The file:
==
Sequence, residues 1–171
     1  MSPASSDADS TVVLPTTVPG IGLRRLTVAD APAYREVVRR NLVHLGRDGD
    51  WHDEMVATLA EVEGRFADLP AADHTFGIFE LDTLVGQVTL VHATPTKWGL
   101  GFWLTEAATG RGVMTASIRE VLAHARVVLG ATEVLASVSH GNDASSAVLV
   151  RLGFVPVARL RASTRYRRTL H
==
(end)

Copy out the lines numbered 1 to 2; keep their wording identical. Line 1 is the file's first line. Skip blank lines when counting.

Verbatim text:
Sequence, residues 1–171
     1  MSPASSDADS TVVLPTTVPG IGLRRLTVAD APAYREVVRR NLVHLGRDGD